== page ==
Solo: A Star Wars Story
An engaging but unnecessary bit of backstory for one of blockbuster cinema's most beloved characters.
In the unlikely event that you’ve ever been truly curious as to how much M.F.A.-style toxic masculinity can be packed into one motion picture, you ought to check out “The Vanishing of Sidney Hall.” Every other person, and particular persons who love both cinema and literature, can take a hard pass.
The movie, directed by Shawn Christensen from a script he co-wrote with Jason Dolan, begins by signaling the precocious literary brilliance of the title character, played by Logan Lerman in “the twerp is father to the bro” mode, as he reads to a high school class an “essay” describing a girl he once formed a fascination with. “She had a virginal quality that contrasted her ice-cold outer shell,” he says vehemently. He goes on to describe how he masturbated to this unnamed girl’s image. He gets giggles from the class and a stern look from a female teacher. Sidney then commiserates with a male teacher, Duane (Yahya Abdul-Mateen II), who’s more sympathetic to his work. The female teacher, he advises Sidney, IS a published author. “Of romance novels,” Sidney sneers. “What about Hunter S. Thompson or David Foster Wallace?” Sidney asks earnestly. It is perhaps no coincidence that he names two figures who took their own lives. One of the many things the movie can never quite figure out is that either of those authors would have rather never written a single word had they thought themselves capable of writing a sentence as multi-level-abominable as “She had a virginal quality that contrasted her ice-cold outer shell.”
The Movie About A Supposedly Great Writer In Which The Writing The Supposedly Great Writer Produces Kind Of Sucks is not, alas, uncommon. The approximations of Philip Roth that peppered Alex Ross Perry’s “Listen Up Philip” never landed smoothly but fortunately the movie had enough misanthropic juice in the story and dialogue to more than get by. What “Sidney Hall” has is a lot of misogyny. As in an exchange in which the possible Love of Sidney’s Life tells him that she loves Bob Dylan and horror movies and his response is “are you sure you’re a girl?” It also has a lot of what have to be shared fantasies of the screenwriters. The idea that a high school kid, writing a novel with the spectacularly on-the-nose title Suburban Tragedy, can get to the top of the New York Times best seller list for eight months, is a big reach. (Would that Thompson and Wallace had done so well!) The movie gifts young Sidney with an indulgent assistant, a hotsy-totsy love affair, and a lot of Downsides To Fame that are even more narcissistic than the imaginary upsides. A reader’s dramatic suicide, accompanied by a statement that Sidney Hall has put his cult on the path to “expose the suburban underbelly of America no matter what the cost.” A D.B. Cooper/J.D. Salinger kind of “disappearance” that eventually places Sidney on the top of a freight train, smoking a cigarette while in cool sunglasses. How postmodernly “Bound for Glory” can you get, people?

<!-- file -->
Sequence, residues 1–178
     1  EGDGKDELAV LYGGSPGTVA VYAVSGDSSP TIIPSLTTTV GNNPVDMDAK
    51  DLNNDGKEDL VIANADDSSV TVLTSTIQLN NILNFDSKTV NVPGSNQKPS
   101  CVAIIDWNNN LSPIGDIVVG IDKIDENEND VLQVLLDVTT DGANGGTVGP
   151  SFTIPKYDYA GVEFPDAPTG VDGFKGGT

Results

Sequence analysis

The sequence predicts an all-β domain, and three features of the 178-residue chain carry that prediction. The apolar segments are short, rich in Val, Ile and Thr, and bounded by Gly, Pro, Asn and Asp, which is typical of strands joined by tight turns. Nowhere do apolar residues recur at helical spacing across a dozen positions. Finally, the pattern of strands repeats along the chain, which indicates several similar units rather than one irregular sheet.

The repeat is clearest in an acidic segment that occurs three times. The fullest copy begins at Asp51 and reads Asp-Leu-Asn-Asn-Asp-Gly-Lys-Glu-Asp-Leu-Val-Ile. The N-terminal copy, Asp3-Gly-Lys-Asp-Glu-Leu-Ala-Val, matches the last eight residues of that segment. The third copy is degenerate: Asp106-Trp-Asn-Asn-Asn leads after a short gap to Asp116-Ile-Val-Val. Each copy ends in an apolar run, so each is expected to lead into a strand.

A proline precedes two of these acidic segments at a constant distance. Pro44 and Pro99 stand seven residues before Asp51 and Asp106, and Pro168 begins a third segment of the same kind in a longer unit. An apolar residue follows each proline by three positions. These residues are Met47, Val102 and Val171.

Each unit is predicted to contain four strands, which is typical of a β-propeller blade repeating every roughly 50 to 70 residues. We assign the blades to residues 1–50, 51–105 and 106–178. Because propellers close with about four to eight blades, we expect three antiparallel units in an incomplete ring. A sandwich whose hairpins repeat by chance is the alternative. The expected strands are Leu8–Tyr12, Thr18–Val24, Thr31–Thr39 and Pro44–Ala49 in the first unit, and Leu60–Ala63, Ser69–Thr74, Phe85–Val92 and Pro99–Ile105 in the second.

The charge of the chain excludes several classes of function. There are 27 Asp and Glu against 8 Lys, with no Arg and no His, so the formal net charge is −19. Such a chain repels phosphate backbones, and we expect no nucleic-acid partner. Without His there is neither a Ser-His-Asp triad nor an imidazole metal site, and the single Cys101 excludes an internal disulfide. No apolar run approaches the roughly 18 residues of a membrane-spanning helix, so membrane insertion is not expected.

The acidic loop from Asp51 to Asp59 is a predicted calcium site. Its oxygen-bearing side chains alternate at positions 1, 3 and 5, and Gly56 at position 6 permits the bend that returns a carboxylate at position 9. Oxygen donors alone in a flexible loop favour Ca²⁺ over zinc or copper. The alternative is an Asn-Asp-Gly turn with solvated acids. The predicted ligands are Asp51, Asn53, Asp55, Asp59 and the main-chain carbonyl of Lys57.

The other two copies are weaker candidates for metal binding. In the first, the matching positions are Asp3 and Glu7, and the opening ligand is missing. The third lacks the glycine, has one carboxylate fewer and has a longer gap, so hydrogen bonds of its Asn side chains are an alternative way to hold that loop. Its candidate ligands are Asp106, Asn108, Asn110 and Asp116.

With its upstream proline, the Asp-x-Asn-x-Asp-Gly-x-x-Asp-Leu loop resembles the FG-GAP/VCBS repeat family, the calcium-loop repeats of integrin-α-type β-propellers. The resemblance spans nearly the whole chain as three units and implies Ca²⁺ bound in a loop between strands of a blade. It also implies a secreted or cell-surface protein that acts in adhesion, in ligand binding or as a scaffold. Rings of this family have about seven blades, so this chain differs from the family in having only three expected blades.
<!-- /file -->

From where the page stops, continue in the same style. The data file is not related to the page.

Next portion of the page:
The movie gives Sidney a kind of stalker, known only as “The Seeker,” played by Kyle Chandler, who shows up at libraries and bookstores where beardo Sidney shows up to burn copies of his own works, because The Fame Is Bad. The various story threads resolve themselves in flashbacks and flashforwards, the most memorable of which intercuts Sidney being harangued by his mother and Sidney trying to save the life of the woman he has finally realized is his own true love. This is some pretty can’t-live-with-them, can’t-live-without-them stuff, for sure. A climactic flashback reveals the root of Sidney’s guilt has to do with his having watched a video cassette of an unspeakable act that he means to take to the authorities. Only he leaves it in the VCR and the aforementioned mother discovers it, freaks out, and a big old mess ensues. This guy is supposed to be a genius, remember.
On the plus side, the movie’s production values are very nice and its cast is notable. And as it happens, neither of those are pluses, because what they mean ultimately is that good money is put into this kind of worthless woman-hating garbage even now.
“Timeless” isn’t the first show to pull off this kind of magic trick, but it’s magical all the same.
A review of season five of Arrested Development.